The Norfolk Southern (NYSE: NSC) shortline shortfall (WIR 8/21) is beginning add up to some significant numbers. To get an order of magnitude, consider that the 230 shortlines connecting with NSC will contribute something on the order of $750 mm in annual revenue for the newly expanded property. That's about $3.35 mm apiece. Consider also that at least 100 of these shortlines are in Pennsylvania and contiguous states. If so then these small railroads will contribute on average $335 mm in revenues to NS every year.
The slow start, with Norfolk's northeastern shortlines off about 20% in carloads, means that at this rate NSC will be out $65mm on an annualized basis. Put in an even more immediate vein, NSC runs at a net margin of about 17%, so $65 mm lost revenue means $11 mm in net earnings, or 3 cents a share. Stock watchers should note that after beginning to recover from its low last week NSC share prices headed south again Thursday erasing the week's gains.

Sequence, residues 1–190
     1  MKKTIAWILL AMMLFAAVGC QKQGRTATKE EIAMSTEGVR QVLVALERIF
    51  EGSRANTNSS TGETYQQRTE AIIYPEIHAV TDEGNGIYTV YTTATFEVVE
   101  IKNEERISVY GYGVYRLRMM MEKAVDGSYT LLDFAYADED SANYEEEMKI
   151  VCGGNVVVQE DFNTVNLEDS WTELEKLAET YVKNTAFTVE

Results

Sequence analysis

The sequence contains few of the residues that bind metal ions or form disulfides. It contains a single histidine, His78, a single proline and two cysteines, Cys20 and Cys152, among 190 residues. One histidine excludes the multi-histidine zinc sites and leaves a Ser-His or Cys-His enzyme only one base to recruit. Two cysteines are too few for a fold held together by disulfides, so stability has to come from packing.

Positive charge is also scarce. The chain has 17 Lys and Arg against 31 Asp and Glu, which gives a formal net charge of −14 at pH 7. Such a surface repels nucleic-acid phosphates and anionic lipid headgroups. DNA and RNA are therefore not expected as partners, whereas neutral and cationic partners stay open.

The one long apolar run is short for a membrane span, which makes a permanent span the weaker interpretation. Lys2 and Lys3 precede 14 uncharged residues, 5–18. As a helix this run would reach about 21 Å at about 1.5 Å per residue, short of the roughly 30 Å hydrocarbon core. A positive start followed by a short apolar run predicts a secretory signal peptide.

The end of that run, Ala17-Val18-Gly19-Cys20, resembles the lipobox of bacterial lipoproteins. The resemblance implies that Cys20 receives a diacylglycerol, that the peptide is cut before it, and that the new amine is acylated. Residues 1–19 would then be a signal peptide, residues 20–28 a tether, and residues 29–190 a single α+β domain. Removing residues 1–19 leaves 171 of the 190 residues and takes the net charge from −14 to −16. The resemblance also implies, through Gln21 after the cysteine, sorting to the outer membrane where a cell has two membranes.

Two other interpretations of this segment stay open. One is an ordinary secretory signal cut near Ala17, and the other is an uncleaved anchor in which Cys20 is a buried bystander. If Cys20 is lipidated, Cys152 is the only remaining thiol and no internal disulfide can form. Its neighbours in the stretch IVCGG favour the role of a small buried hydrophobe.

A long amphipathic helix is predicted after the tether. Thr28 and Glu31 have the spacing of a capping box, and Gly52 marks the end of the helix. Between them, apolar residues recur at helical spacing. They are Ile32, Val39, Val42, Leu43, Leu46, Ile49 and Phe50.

RailAmerica (Nasdaq: RAIL) reported results for 2Q99 a few weeks ago and I simply blew it not reporting promptly on same. The faxed release from Boca Raton tells us the firm "achieved record carloadings, revenues, operating income, net income and earnings per share in the quarter." To be sure, revenue more than doubled to $41 mm, and that included $6 mm for the North American railroads (but not RaiLink), $22 mm of offshore railroads, and $13 mm for the truck trailer manufacturing unit.
In the process RAIL has taken on more debt, about $13 mm worth 2Q99 over 2Q98, bringing the total load to $84.8 mm including the current portion. Interest paid in the quarter was $3.2 mm, roughly half the total operating income. A year ago operating income covered interest 2.6 times. On the positive side, debt is now 1.55 times equity, down from twice equity a year ago.